This is due to the fact that a number of other dog breeds, like the Belgian Malinois, for example, have traits that are similar to GSDs.
Additionally, there can be a lot of German Shepherd mixes that look like they are full-blooded, but they actually aren’t.
But that doesn’t mean that it is impossible to recognize a purebred German Shepherd. Below are several methods that you can use to identify one.
Let’s start with the most obvious solution: dog DNA testing. Getting a DNA test for your dog has extra advantages, and such tests are widely available and incredibly accurate, but they aren’t exactly cheap.
You can purchase a kit online, even on places like Amazon, and it arrives at your house in the mail. Some of these DNA tests can not only determine the purity of your dog, but they can also check for a wide range of hereditary illnesses.
These kits typically come with a pre-paid return box or envelope and sealable plastic bags for the swabs. Once you’ve taken a sample with the swabs, just send them back and wait for your results, which typically take around a month to arrive.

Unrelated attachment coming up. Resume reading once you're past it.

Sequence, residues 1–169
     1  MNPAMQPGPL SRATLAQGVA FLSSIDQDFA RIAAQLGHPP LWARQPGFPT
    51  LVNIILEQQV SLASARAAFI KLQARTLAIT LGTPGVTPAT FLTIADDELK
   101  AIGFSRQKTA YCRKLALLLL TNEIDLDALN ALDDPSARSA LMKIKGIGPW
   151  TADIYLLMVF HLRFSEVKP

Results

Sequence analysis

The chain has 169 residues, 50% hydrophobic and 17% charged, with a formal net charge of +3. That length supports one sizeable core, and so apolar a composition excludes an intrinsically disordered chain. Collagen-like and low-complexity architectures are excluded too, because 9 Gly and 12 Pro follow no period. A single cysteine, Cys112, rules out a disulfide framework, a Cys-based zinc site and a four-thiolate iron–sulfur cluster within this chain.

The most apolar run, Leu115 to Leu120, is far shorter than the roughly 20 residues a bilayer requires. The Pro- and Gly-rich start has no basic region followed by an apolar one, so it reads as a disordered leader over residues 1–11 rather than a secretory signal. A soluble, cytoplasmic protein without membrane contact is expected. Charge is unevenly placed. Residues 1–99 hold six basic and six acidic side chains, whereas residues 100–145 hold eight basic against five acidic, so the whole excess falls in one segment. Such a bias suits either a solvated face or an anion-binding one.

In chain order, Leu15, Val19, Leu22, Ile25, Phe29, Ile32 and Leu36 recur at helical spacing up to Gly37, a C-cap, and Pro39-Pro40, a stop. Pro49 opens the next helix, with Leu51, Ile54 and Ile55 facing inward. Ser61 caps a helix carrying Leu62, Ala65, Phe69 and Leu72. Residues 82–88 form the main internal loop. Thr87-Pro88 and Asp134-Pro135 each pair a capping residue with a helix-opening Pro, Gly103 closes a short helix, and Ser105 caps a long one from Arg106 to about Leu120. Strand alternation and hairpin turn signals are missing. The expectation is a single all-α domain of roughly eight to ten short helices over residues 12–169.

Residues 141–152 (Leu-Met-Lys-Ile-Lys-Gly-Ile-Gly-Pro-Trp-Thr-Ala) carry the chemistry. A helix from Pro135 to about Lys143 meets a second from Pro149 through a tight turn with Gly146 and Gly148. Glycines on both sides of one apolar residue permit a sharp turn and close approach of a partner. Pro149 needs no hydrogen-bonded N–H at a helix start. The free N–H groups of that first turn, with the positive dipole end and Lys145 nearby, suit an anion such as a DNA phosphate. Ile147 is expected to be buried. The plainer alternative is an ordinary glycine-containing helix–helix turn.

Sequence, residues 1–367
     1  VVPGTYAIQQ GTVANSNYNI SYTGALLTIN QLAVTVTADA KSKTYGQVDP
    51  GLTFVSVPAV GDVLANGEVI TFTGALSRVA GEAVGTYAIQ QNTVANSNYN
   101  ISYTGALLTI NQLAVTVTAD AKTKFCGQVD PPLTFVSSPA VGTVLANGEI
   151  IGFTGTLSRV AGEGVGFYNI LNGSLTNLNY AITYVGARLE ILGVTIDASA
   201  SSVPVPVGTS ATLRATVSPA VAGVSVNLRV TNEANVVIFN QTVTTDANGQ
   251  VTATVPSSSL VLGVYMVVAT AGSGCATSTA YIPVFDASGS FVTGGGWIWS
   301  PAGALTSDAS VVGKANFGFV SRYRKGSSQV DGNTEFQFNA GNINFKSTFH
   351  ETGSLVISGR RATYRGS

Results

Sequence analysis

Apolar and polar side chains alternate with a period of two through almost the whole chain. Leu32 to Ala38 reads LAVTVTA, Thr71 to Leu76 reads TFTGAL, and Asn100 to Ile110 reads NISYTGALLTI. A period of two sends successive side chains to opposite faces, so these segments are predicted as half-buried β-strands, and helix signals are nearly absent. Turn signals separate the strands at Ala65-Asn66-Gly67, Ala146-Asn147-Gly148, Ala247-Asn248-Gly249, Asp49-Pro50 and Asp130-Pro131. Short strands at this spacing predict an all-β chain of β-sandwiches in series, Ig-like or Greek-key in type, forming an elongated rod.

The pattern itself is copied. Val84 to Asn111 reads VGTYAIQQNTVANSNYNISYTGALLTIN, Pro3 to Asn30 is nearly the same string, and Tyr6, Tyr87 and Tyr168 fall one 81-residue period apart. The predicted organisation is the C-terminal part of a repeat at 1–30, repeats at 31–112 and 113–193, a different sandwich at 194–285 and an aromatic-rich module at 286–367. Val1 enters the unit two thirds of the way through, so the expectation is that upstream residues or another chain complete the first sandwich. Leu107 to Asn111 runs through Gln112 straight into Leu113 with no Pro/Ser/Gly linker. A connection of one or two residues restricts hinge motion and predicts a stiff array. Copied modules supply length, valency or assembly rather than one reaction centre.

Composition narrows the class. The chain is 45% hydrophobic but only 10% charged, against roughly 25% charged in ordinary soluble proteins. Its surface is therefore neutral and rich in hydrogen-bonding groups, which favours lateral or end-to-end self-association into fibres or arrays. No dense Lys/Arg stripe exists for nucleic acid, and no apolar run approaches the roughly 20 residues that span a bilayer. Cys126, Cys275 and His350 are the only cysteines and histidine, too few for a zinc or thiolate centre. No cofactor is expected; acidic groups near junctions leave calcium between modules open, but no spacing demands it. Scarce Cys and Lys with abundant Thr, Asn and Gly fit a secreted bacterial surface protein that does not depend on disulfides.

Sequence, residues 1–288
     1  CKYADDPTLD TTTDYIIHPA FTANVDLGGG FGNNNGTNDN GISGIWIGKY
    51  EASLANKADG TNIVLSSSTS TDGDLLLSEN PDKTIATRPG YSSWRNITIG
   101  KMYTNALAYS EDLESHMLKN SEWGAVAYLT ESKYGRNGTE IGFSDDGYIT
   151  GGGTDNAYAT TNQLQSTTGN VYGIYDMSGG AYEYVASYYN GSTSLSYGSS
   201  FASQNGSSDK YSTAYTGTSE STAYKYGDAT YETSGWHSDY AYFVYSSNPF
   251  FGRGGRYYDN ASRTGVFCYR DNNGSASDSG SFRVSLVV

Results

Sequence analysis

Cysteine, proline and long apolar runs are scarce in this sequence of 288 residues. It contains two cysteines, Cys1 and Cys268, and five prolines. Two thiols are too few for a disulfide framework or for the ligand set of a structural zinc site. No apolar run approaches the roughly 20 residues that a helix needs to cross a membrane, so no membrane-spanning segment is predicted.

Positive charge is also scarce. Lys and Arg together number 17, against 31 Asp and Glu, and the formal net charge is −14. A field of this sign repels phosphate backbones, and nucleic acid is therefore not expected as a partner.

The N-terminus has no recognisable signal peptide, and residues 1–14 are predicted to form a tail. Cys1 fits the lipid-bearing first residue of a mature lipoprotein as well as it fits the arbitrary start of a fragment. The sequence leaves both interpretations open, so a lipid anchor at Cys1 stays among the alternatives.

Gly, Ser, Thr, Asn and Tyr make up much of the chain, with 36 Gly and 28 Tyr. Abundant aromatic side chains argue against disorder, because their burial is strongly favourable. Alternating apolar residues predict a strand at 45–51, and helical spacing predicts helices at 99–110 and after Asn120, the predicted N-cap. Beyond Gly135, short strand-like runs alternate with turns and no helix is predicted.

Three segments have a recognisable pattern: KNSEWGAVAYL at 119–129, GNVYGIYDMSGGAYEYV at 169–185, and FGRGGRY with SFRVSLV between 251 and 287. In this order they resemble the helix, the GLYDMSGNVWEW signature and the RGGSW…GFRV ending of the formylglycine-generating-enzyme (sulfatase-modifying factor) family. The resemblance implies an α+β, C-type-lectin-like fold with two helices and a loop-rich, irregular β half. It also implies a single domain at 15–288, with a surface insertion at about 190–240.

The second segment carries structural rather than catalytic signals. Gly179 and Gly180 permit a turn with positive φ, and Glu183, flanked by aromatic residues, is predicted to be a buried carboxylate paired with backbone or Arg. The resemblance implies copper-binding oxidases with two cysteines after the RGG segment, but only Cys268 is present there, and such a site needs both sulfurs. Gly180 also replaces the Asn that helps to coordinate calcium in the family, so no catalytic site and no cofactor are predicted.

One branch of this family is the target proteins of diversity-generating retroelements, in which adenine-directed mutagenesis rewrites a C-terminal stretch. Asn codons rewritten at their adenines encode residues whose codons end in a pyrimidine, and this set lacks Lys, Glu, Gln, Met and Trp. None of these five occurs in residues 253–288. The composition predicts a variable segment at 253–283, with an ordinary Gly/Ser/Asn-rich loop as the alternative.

The German Shepherd Coat
One of the distinguishing characteristics of breed distinctiveness that is included as part of the breed standard is a dog’s coat. By examining your dog for certain coat characteristics, you can determine whether or not it is a purebred German Shepherd.
A German Shepherd can, in fact, be distinguished from other breeds, including its crossbreeds, by carefully examining its coat. Here are some tips on how to do it and what to look for.